I think that OpenID is a great idea, but there are just too many providers to choose from. Without even actively signing up for one, I’ve got at least six OpenID’s already: one from WordPress, another from Technorati, and from Blogger, Yahoo!, Flickr and AOL. Either one would do fine, but one thing bugs me: do I really want my identity associated with one of these companies? I don’t dislike either one, but my only relation to them is that I use their products. I don’t think of myself as a WordPress user, I’m not even a loyal one (my other blog is based on Chyrp).
One solution is to go with an OpenID provider that uses less branded URL:s. By way of recommendation I have found myOpenID, which works. Your ID URL looks like http://username.myopenid.com/, which I think is perfectly acceptable. But it gets better. It turns out that myOpenID has a feature where you can use your own domain in your OpenID URL (look for “Your Domains” in the menu). If your hosting company gives you access to the DNS records of your domain you can set it up so that you can create OpenID’s that look like they are hosted by you — and in the background myOpenID does all the authentication and provides the administrative tools.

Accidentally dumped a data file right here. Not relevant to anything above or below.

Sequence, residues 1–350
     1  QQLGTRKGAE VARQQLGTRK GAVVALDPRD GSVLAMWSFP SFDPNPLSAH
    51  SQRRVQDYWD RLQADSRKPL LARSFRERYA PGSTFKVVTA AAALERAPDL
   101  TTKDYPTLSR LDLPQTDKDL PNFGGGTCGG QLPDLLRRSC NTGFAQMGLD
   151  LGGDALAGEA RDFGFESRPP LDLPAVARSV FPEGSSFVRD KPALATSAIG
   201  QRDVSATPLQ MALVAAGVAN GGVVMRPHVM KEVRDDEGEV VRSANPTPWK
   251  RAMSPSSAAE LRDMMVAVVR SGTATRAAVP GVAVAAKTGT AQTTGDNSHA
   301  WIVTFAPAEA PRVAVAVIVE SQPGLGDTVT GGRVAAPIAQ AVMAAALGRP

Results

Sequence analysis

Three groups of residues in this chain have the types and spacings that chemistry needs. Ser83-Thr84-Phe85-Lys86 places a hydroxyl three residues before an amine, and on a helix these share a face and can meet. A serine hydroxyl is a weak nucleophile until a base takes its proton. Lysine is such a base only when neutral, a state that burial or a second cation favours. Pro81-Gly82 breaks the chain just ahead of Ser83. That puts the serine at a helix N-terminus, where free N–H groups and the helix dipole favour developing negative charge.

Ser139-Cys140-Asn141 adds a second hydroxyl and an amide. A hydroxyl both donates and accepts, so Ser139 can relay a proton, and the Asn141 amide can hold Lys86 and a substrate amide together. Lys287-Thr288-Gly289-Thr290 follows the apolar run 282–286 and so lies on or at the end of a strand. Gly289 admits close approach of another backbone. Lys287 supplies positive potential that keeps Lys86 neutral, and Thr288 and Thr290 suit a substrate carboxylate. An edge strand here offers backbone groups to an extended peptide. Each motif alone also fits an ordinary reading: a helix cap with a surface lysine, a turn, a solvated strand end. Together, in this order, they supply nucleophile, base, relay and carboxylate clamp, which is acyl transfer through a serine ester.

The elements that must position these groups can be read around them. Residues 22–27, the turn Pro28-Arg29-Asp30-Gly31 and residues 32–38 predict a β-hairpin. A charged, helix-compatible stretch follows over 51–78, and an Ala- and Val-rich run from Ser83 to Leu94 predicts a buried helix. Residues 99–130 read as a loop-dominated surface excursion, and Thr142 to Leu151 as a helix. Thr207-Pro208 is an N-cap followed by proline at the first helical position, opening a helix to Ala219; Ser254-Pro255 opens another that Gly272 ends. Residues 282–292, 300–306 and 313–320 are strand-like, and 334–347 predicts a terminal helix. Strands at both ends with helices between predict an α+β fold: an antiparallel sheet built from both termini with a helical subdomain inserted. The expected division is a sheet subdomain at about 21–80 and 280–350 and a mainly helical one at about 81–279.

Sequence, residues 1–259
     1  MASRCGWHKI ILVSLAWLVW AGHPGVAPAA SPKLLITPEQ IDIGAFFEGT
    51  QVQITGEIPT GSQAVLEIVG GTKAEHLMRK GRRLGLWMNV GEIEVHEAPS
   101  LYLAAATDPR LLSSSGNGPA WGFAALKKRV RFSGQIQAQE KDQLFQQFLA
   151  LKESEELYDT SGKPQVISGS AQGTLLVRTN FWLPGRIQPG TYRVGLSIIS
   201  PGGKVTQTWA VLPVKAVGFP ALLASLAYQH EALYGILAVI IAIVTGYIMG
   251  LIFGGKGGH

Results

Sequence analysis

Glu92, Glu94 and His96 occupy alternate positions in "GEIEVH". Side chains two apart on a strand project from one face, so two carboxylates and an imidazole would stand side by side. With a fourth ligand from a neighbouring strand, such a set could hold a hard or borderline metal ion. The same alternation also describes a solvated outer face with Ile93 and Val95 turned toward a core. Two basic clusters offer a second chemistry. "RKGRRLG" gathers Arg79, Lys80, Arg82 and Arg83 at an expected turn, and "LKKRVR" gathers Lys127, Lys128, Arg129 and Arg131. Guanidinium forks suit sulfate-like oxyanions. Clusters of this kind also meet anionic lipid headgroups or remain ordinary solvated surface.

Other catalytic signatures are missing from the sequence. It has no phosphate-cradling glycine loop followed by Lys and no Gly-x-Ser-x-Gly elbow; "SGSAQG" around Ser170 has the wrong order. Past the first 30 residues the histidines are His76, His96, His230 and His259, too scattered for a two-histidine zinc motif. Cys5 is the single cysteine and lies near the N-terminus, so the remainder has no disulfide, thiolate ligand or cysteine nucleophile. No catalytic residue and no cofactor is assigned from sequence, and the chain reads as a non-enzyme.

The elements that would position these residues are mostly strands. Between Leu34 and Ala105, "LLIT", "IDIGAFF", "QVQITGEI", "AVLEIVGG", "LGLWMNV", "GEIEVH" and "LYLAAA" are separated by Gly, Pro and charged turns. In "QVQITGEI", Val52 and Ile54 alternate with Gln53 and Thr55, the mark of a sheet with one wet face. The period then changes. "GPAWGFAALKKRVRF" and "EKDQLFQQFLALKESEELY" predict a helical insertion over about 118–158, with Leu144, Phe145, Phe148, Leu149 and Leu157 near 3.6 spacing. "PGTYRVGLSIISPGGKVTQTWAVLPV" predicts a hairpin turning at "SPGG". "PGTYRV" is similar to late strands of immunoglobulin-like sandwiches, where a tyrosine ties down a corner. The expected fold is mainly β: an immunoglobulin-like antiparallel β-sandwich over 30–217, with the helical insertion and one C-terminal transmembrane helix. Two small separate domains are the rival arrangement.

In a few minutes I managed to get it configured and I’m happy to say that I can now identify myself as http://openid.iconara.net/theo. That is the kind of URL that I think everyone should be able to have if OpenID is going to become the one and only authentication platform on the web. It describes what it is (“openid”) and who I am (“theo” of “iconara”).
Oh, and is it only me or does the OpenID logo look just like the PlayStation logo when it appears in icon size (as it usually does in login screens and such)?